Seasonal affective disorder (SAD), a type of depression associated with seasonal variations in daylight, is a common experience for many Americans. In 2006, Norman Rosenthal, M.D. in his book “Winter Blues,” revealed that seasonal affective disorder and its milder cousin the winter blues affect approximately 20 percent of the U.S. population. For many SAD sufferers, the standard treatment of light therapy using a light box works wonders and effectively alleviates their symptoms. For some people, though, light therapy alone is not enough. Medication, especially when combined with light therapy, may benefit these people greatly.
As of 2010, the only medication approved by the FDA to treat SAD, Wellbutrin XL is thought to work by influencing the neurotransmitters (brain chemicals) dopamine (DA) and norepinephrine (NE). Of note not only because of its FDA-backed pedigree, Wellbutrin XL may effectively prevent SAD from even starting. On June 14th, 2006, in a special report written for CNN.com entitled “Seasonal Affective Disorder Drug Wellbutrin XL Wins Approval,” the Mayo Clinic declared the results from three large studies, involving more than 1000 patients, showed Wellbutrin XL to be effective in preventing SAD if used before the onset of symptoms.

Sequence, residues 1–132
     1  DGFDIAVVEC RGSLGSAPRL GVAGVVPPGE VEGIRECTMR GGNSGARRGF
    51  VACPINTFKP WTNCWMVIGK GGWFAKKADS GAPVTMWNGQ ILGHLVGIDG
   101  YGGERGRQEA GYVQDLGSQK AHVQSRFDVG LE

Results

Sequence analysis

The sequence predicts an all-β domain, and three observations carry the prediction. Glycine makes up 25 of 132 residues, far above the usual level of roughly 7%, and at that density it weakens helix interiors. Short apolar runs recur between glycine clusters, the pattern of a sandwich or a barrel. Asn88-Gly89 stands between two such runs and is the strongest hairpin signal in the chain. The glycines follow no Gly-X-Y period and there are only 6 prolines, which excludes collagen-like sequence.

The most widely used class of antidepressants, selective serotonin reuptake inhibitors (SSRIs) may effectively treat winter depression in SAD patients. As their name suggests, SSRIs produce antidepressant effects by influencing the brain chemical serotonin (5-HTP). No solid evidence exists suggesting one SSRI as better than another, although for certain individuals one SSRI may work better than another. Also used to treat certain anxiety disorders, SSRIs may prove particularly effective for the SAD patient experiencing significant anxiety as well.
Influencing both norepinephrine (NE) and 5-HTP systems, combined serotonin and norepinephrine reuptake inhibitors (SNRIs) may relieve SAD symptoms when Wellbutrin XL or the SSRIs do not. Effexor, a common SNRI approved for the treatment of some anxiety disorders and depression, has proved helpful for some SAD sufferers. Common side effects include activation, sedation, increased blood pressure, sleep disruption and sexual side effects.
Dating back to the 1950s, tricyclic antidepressants (TCAs) were, for years, the only drugs used to treat depression, and remain reliable drugs useful in alleviating SAD symptoms if the newer ones do not work first. Because of their troubling side effects–which include blurred vision, constipation and seizures–most doctors now prescribe TCAs only after other medications have failed to work. Despite these problems, TCAs remain useful drugs for those who find the newer drugs ineffective in providing relief.
About this Author
A former corporate health coach, Charles Yin has counseling experience in obesity management, and chronic mental illness. He graduated magna cum laude with a B.A. in psychology from Carleton College. Yin completed one year of doctoral studies at Azusa Pacific University (APU) and is currently an MFT trainee at APU.